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Future Considerations for Business Buyout

Rather than answer your question directly I want to discuss a recent Alabama Supreme Court case that will make you think about how these agreements are structured. The structuring could mean that in the event of your death within the seven-year period your estate could either continue to receive money promised under the contract(s) or not receive it. This can be a substantial financial benefit to your heirs if your attorney advises you correctly.

The recent case was John Boyd and Batey & Sanders, Inc. v. Emily Hawk Mills, as personal representative of the Estate of Thomas Batey, deceased, which initially arose from the Etowah County Circuit Court. The facts were that Thomas Batey sold all of his stock to Boyd as its president and to Batey & Sanders, Inc. through a stock purchase agreement. Other contracts were also signed including a non-compete agreement and an employment agreement. The stock agreement required that the non-compete and employment agreement of Batey also be signed to make the execution of the stock purchase valid. The total price under the non-compete was just over two million dollars. All the non-compete included was a promise that Batey would not do certain things. It was based on 120 equal monthly payments, which of course is ten years. With almost $641,000 remaining to be paid after several years of payment, Batey died. For several more months the buyers made most of their payments but then stopped all together. There were three years remaining for payment. The trial court held for the estate of Batey in that the non-compete was not a personal services agreement and the buyers appealed.

The Supreme Court was asked only to determine whether the non-compete survived Batey’s death. It was necessary that the Court look at the plain language of the contract and not create a new one. In fact, the non-compete did not address what would occur in the event of Batey’s death. The non-compete simply laid out the payment plan for ten years and what the buyers were entitled to do should Batey breach the contract. There were no duties that Batey had to perform under the non-compete only that he would be paid and the fact that he had to refrain from doing certain things. The buyers did not have a right to cancel the non-compete if Batey should breach the contract though Batey had the right to cancel the non-compete if the buyers defaulted in their duties. Looking at other case law the Court noted that a contract which relies on “personal performance by the promisor is of the essence and the duty imposed cannot be done as well by others as by the promisor himself, are personal and do not survive his death.” This was not the case in Batey. The Georgia Court of appeals held in Mail & Media, Inc. v. Rotenberry, 213 Ga.App. 826,446 S.E.2d 517 (1994), “[w]hen a noncompetition agreement ancillary to the sale of a business does not also require the seller to affirmatively provide services to the buyer, the essential benefit the buyer is purchasing is the business’s goodwill (as opposed to the seller’s expertise),”so” the seller’s death does not deprive the buyer of this benefit....” The buyers self-acknowledged that they were sophisticated in the negotiation of this agreement. Sophistication does not mean in the legal sense that they knew the best wines, the best restaurants in Alabama or stuck out their pinky when drinking an afternoon tea, but simply means these individuals had the requisite experience and education necessary to be involved in the understanding, negotiation and execution of such an agreement. This definition is not from a legal dictionary but rather the general understanding and the memory that lies between my ears from my legal education and experience.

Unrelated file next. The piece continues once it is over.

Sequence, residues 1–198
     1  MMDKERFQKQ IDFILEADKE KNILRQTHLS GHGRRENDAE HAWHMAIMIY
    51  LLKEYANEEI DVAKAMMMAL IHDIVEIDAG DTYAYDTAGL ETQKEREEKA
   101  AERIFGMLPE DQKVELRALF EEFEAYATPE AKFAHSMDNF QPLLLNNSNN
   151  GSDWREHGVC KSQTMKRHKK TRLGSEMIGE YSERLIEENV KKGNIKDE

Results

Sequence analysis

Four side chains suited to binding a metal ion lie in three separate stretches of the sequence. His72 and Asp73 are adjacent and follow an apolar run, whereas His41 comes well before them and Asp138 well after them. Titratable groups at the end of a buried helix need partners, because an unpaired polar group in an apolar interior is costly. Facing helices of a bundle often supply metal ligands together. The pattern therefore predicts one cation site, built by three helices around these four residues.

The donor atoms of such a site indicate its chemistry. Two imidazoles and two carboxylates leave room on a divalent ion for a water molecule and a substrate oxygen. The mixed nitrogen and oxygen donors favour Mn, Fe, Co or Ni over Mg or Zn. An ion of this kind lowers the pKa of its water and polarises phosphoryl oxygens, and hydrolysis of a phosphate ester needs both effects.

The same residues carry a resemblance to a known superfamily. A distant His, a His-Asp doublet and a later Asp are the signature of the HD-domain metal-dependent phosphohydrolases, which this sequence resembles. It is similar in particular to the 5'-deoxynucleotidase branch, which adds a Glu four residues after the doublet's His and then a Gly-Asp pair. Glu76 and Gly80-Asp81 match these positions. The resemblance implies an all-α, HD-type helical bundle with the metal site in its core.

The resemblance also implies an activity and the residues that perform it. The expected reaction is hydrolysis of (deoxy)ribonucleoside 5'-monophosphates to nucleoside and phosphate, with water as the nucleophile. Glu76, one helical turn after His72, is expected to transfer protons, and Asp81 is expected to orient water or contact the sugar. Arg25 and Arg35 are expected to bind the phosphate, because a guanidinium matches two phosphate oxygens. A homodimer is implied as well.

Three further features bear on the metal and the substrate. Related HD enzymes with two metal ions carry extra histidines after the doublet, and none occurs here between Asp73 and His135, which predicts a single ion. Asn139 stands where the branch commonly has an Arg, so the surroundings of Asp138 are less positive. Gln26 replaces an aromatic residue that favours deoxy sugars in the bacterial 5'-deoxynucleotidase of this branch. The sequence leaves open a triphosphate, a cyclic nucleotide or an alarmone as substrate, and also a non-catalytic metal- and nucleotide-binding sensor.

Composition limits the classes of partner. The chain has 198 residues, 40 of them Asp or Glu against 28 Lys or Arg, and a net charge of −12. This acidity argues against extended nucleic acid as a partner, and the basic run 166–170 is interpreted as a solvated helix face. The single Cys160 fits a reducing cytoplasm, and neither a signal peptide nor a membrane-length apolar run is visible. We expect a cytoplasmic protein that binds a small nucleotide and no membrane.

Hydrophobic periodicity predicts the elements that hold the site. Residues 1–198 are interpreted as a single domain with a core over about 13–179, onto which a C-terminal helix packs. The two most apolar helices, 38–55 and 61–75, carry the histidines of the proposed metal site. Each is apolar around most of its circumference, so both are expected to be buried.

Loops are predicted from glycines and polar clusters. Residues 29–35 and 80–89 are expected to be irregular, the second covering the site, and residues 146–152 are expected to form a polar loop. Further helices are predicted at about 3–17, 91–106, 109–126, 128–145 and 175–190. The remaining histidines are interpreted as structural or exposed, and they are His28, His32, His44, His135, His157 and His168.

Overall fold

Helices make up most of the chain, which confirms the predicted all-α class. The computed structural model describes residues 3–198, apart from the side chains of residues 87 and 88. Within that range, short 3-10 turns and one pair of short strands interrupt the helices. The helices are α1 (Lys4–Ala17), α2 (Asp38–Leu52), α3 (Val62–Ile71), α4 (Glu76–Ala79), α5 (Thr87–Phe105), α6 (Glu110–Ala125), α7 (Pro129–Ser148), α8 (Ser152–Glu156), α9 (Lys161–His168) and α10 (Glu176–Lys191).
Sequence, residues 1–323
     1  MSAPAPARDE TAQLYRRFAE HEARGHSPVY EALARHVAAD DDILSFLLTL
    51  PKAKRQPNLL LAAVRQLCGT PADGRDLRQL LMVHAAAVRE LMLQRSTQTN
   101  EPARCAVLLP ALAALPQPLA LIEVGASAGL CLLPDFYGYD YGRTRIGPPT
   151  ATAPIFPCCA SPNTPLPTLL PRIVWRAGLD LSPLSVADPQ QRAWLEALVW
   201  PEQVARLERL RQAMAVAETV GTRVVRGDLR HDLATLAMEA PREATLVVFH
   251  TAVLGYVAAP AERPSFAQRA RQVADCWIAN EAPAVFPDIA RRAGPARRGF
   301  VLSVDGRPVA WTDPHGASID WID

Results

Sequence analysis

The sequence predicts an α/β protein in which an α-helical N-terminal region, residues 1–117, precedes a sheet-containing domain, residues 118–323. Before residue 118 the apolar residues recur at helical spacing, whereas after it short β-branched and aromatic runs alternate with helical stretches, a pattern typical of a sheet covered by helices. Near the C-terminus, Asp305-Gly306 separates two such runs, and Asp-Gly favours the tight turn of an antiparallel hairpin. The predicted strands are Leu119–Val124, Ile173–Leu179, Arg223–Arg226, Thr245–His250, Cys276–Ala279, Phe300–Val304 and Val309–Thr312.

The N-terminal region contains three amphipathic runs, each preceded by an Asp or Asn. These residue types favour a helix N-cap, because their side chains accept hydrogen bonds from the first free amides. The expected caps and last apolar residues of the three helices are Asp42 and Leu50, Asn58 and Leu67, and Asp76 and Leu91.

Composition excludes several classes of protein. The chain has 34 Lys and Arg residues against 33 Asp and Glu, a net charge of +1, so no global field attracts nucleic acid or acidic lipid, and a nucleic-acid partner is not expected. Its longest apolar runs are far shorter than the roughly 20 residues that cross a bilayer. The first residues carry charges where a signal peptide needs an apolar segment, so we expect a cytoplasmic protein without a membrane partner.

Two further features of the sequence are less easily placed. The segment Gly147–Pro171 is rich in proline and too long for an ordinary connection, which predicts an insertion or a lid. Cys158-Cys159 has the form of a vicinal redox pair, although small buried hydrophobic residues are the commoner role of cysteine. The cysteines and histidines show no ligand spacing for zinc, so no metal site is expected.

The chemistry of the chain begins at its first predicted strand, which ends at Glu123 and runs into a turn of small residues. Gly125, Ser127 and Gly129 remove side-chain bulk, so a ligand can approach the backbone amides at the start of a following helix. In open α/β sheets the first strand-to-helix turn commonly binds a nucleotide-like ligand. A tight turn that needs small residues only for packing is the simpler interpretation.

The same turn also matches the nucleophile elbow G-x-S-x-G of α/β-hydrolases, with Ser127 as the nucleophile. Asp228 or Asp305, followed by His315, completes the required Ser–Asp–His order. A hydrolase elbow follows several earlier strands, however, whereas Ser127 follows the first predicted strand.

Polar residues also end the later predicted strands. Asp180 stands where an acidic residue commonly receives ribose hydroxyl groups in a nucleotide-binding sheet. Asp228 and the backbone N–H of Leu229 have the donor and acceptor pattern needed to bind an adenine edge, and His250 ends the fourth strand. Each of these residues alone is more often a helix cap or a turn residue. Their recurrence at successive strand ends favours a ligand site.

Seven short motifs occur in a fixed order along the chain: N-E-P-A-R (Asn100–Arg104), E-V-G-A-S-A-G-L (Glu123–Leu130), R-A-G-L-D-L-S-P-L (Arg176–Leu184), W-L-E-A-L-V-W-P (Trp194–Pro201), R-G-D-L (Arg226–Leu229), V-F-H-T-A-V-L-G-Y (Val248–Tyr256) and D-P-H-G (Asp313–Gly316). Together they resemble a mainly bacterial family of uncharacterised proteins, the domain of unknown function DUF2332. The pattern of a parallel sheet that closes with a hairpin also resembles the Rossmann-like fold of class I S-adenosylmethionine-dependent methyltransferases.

The bottom line reached by the Alabama Supreme Court was in agreement with the trial court in that the non-compete obligations of the buyers did not cease at the death of Batey.

It is unfortunate that your health is not the best and such a situation like Batey could potentially play out. In any contract it is important to consider all scenarios and address them within the context of the agreement. Whenever a company is involved with multiple shareholders the likelihood of the sudden death of all of them is very small. Even with an individual involved in a contract that has generally good health the chance of death is probably small, but an unforeseen death of a single shareholder has greater consequences to one or all parties dependent on duties. For that reason, I hope that your counsel will look at all avenues of the agreement considering the effect on your ability to perform or the effects of your inability to perform either due to disability or death and even what that may mean to your estate and/or heirs.

As always if you do not have an attorney, ask a trusted friend or family member or contact the Alabama State Bar, Lawyer Referral service.


This article is informative only and not meant to be all inclusive. Additionally this article does not serve as legal advice to the reader and does not constitute an attorney- client relationship. The reader should seek counsel from their attorney should any questions exist.” No representation is made that the quality of legal services performed is greater than the quality of legal services performed by other lawyers.”


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